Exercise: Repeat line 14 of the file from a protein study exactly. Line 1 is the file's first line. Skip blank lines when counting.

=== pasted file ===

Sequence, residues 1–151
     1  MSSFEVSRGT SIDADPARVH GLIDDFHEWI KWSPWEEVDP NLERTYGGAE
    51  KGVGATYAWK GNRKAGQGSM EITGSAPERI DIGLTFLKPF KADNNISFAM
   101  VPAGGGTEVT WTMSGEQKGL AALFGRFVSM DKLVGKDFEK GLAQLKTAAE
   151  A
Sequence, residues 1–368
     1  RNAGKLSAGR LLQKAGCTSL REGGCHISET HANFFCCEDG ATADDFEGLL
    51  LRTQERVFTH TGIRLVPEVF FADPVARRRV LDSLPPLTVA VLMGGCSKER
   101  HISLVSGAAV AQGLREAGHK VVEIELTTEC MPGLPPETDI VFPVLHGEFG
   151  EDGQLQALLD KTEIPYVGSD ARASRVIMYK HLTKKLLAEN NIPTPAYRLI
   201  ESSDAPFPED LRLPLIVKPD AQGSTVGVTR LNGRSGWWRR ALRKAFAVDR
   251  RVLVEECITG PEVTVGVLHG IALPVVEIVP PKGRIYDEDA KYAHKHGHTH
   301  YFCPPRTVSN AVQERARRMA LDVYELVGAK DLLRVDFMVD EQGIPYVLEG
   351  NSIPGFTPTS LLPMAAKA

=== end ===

   351  NSIPGFTPTS LLPMAAKA